Finally, BMe recruits all people to sign-on to the four part values statement that defines a BMe “community-builder.” Once done, they are provided with weekly stories, events, and networking opportunities that feature black males in roles as assets, and importantly, they are asked to share these stories and opportunities with others. The act of sharing is a simple way of reinforcing their community-builder identity. Over the next decade BMe plans to recruit millions of Americans into its network, primed by the 1-2 percent of Leaders and Champions.
BMe’s first 100 Leaders serve approximately 200,000 people per year, it has just over 12,000 community-builders in its database and its content reaches close to 10 million people.

The Person

Trabian has been working towards this idea for his whole adult life. He was born in a factory town that went defunct just before the onset of the war on drugs and the crack epidemic that followed it. He saw his childhood friends become either victim or predator but just as importantly, he experienced society turning its back on him and them.
In the fifth grade Trabian’s teachers discovered he had a genius-level IQ and by the 10th grade he earned a scholarship to Cranbrook, a private boarding high school several miles from his home. The juxtaposition of being raised poor then living with the rich was enlightening. He realized that stereotypes about the wealthy were usually just stereotypes, and that people are just people whom you can’t really know until you know them.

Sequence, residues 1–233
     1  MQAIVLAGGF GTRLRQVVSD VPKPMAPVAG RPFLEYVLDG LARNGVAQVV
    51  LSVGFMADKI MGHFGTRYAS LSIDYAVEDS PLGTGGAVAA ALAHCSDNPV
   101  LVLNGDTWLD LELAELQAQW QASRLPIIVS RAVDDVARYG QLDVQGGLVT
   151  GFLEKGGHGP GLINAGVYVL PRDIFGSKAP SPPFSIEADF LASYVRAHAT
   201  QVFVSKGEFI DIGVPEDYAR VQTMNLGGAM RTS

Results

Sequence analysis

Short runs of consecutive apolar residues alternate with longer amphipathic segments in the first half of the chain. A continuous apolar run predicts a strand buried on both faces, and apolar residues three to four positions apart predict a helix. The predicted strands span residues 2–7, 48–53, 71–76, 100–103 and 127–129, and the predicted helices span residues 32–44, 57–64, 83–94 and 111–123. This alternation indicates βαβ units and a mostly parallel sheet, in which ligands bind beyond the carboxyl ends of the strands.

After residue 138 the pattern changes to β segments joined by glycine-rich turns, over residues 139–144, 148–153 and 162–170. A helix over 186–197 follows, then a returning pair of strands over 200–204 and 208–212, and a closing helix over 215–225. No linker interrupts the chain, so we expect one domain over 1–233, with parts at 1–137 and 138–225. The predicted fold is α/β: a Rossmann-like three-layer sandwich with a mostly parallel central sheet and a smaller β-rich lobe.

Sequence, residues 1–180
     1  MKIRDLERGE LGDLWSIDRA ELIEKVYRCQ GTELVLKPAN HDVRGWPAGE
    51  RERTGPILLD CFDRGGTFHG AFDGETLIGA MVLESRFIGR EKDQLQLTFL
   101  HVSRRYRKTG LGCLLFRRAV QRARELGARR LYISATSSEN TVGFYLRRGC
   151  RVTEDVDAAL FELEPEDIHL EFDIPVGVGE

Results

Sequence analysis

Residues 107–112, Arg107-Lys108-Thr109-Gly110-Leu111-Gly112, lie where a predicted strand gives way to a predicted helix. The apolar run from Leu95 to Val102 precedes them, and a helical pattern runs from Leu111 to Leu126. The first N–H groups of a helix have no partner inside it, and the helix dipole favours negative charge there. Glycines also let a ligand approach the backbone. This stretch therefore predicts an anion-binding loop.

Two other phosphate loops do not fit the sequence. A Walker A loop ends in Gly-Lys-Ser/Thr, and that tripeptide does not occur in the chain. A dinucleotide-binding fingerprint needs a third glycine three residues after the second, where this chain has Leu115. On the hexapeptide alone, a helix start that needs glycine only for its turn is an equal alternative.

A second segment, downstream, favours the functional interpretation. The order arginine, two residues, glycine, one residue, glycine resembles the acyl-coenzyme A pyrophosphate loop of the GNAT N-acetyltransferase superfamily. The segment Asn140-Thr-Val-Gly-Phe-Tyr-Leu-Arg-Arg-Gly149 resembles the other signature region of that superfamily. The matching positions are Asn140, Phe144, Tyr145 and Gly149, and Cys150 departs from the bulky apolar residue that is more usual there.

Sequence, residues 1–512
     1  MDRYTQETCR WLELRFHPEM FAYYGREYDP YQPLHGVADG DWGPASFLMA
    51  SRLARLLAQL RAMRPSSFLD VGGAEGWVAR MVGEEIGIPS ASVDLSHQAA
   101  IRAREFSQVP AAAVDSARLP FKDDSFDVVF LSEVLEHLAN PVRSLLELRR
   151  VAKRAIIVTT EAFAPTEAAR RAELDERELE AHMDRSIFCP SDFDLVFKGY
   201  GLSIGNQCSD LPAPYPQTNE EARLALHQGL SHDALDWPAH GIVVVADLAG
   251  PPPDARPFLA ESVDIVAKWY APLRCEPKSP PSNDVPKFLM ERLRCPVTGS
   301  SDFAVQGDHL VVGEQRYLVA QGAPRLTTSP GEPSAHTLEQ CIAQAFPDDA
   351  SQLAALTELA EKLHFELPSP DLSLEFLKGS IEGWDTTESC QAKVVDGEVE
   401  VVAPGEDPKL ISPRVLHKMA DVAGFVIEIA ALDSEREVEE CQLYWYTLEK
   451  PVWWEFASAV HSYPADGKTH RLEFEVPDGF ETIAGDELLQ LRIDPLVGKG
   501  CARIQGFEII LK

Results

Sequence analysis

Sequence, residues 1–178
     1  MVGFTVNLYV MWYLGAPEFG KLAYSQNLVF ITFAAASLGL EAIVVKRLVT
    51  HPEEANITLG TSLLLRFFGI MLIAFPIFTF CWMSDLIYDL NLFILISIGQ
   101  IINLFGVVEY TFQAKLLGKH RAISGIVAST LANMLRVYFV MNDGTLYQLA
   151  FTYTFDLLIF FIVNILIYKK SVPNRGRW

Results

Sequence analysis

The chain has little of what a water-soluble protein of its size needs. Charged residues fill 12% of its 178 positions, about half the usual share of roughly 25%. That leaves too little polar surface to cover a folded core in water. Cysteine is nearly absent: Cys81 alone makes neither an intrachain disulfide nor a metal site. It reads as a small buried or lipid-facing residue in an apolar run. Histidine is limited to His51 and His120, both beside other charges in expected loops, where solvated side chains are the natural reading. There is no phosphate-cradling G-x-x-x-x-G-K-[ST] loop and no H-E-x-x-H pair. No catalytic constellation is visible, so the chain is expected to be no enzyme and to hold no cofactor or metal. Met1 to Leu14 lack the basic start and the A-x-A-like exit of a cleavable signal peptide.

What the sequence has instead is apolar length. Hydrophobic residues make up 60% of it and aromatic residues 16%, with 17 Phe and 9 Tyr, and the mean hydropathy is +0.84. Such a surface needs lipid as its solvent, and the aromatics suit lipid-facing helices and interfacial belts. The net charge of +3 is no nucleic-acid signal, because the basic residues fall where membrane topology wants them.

Trabian feels as if he escaped the ghetto holocaust of the 80s and early 90s, and is in fact in the minority of black men on his block who is still alive and out of prison. He became obsessed with the study of the black freedom movement in the U.S. and wanted to learn how to adjust the current culture so that his community could become truly free too.
Trabian has spent the majority of his adult life learning about networks and network theory. He was a mostly self-taught software programmer (aka hacker), one of the original framers of the AmeriCorp national service program, then founder of a D.C. technology network call TechWorks for Good, then co-head of Ashoka U.S. and then Vice President of Knight Foundation’s Community Program. While at Knight he decided to merge his interest and understanding of networks in a way that would be supportive of black people’s aspirations for freedom.
Trabian is guided by MLK’s insight that freedom must be gained for all people if it is to be gained for any. BMe is founded with the belief that black men can, do and must lead in building more caring and prosperous communities for all.